Centralized MSOs struggled under the heavy demand on a big night in sports, frustrating subscribers.
Saturday night was big in the entertainment industry, featuring two of the biggest sports events of the year: Game Seven of a tight series between the Los Angeles Clippers and defending NBA champions, the San Antonio Spurs, and boxing’s most anticipated matchup in decades featuring Floyd Mayweather and Manny Pacquiao. Sports fans tuned in, and in record numbers. But the MSOs or multi-system operators that are trusted to deliver every second of the action dropped the ball. The social media accounts of Time Warner Cable, Comcast, and Charter each erupted with consumer complaints as network outages interrupted the basketball game and even delayed the start of the boxing match. While the cable companies did their best to mitigate the service issues, frustrated postings on social media indicate that many customers still missed out on their big games.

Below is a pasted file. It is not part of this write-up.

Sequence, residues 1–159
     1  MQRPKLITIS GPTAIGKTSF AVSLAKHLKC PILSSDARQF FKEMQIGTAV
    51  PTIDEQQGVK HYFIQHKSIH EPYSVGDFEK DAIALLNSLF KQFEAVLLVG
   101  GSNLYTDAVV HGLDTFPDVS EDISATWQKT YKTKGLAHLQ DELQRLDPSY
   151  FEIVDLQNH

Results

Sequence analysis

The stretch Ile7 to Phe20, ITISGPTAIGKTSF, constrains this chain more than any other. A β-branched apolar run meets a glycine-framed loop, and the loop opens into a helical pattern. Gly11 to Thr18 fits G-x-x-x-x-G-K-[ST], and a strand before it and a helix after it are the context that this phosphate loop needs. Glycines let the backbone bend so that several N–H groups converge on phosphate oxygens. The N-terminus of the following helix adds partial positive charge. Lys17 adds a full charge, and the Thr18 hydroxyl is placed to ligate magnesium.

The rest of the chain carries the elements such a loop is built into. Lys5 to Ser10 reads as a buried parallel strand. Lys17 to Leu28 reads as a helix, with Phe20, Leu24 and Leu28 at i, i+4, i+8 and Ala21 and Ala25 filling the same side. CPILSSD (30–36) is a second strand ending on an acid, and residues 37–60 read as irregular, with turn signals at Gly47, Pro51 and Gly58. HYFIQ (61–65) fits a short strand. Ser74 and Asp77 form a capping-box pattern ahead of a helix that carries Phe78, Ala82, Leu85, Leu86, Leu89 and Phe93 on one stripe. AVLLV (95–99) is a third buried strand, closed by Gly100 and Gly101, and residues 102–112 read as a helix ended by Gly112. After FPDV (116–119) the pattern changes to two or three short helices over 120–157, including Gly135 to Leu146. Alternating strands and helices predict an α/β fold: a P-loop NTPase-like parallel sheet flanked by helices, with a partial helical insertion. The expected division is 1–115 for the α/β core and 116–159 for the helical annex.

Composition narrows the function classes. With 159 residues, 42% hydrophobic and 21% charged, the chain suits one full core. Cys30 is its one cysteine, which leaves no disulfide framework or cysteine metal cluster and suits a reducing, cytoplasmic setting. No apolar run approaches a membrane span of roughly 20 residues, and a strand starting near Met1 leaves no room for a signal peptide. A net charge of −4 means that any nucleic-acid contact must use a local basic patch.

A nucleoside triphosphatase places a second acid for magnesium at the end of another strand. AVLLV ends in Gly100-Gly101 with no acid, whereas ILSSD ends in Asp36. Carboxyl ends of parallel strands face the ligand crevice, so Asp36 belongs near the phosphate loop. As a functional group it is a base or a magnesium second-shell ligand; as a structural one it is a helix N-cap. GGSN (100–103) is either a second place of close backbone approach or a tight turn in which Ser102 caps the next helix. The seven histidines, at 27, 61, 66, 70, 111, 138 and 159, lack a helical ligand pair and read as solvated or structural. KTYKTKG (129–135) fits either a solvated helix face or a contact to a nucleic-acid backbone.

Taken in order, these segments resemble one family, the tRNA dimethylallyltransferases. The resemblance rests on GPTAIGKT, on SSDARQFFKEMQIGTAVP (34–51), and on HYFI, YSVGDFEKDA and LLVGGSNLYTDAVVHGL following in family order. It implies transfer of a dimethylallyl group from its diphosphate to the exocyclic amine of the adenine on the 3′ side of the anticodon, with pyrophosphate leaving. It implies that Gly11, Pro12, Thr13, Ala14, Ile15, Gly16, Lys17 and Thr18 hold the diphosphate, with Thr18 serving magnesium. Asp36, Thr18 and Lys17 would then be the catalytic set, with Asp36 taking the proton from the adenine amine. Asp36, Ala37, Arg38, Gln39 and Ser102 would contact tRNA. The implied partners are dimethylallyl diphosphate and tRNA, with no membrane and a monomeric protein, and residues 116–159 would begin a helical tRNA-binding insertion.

Sports occupy a special place on our televisions. They’re one of the only types of content that viewers insist on watching live, as it happens. They’re also one of the only things keeping many customers subscribing to pricey pay-TV bundles. In fact, the cost of sports programming is one of the reasons that cable bills continue to climb so high. The price that customers pay, along with the time sensitive nature and fast-paced action of sports puts the pressure on distributors of this content to get it right. An interruption of even a few seconds can be all it takes to miss a key moment of a game. And as Saturday night showed, those distributors are not always up to the task. That’s the risk of centralized MSOs like the cable and satellite TV providers, as well as virtual pay-TV products like Dish Network’s Sling TV and upcoming products from Verizon and Sony.